Thursday, May 17, 2018

The Curious Case of the Coroner, the Telltale Sewer, and DNA Testing of Fetal Remains

Rewire (May 16, 2018): The Curious Case of the Coroner, the Telltale Sewer, and DNA Testing of Fetal Remains, Farah Diaz-Tello:

Last week after fetal remains were discovered in the city sewer system, the coroner in Augusta, GA sent tissue samples to the Georgia Bureau of Investigation for DNA testing to try to identify the person who had the miscarriage or abortion.

While this is an alarming turn of events—possibly the first time law enforcement has publicly announced intent to use DNA to look for a person who has had a miscarriage or abortion—it is unsurprising in the context of the documented pattern of police and prosecutors trying to find novel ways of punishing people for losing or ending pregnancies. Most recently, a Virginia woman was charged with “concealing a dead body,” a felony, after disposing of a fetus miscarried at around 30 to 32 weeks gestation. She pleaded guilty but challenged the applicability of the statute to fetal remains; the Court of Appeals of Virginia ruled against her, upholding her sentence of five years, with five months to be served behind bars.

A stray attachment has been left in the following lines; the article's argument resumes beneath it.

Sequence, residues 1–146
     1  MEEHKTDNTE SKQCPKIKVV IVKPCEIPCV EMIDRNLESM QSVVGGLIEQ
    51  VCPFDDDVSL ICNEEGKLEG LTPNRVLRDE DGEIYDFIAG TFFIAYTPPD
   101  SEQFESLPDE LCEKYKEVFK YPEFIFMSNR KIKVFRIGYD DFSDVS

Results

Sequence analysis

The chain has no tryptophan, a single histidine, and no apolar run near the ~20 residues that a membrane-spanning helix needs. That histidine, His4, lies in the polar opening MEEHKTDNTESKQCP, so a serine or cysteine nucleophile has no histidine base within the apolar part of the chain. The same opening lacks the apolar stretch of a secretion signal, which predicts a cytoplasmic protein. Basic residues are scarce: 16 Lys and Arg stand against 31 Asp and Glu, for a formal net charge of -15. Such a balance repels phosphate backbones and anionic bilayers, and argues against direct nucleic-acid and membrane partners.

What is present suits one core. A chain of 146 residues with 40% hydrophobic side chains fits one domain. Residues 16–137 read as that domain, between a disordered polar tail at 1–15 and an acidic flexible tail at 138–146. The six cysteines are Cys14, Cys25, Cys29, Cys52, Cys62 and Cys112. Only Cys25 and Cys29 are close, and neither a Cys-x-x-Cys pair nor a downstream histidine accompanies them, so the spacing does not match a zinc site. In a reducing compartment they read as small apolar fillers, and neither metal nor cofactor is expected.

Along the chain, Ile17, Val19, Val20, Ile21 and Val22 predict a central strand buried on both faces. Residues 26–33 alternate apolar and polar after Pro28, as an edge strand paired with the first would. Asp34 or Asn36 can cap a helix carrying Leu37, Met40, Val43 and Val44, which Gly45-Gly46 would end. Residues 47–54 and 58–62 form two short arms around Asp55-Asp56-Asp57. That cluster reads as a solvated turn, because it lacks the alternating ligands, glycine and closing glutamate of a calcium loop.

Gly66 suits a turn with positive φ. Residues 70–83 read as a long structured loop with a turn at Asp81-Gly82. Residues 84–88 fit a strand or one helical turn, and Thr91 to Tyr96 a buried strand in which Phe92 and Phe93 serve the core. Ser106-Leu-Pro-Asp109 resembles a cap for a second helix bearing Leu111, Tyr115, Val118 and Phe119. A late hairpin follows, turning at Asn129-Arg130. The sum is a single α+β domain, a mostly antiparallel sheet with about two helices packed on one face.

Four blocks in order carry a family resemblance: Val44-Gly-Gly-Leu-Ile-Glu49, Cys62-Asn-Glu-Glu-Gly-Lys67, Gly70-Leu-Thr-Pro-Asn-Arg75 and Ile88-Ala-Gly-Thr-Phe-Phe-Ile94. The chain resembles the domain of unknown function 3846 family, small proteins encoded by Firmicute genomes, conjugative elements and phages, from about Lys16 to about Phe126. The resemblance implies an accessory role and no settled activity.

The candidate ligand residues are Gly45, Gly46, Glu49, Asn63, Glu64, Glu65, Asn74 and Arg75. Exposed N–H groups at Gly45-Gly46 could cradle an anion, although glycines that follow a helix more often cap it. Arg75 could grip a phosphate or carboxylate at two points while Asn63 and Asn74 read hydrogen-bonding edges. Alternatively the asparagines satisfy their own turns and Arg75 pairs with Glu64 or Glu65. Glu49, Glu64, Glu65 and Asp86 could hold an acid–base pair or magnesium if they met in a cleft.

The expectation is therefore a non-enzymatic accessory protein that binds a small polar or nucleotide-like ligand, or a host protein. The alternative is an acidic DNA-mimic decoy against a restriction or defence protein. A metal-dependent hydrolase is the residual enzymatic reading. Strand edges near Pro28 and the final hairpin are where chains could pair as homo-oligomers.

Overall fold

Although the coroner claims that he seeks identification for the safety of the person who lost the pregnancy, stating, "I just want to make sure [the person who had the miscarriage] isn't getting an infection or bleeding out," the claim seems suspect given that the DNA test could take weeks.  Although authorities, don't know whether the fetal remains resulted from a miscarriage or abortion, the request for DNA identification is bizarre given that Georgia does not criminalize self-induction of an abortion. The coroner's request might be motivated by the fact that the fetus appeared to be at 20 weeks gestation which is the legal limit for clinics to provide abortion in the state.

http://lawprofessors.typepad.com/reproductive_rights/2018/05/the-curious-case-of-the-coroner-the-telltale-sewer-and-dna-testing-of-fetal-remains.html

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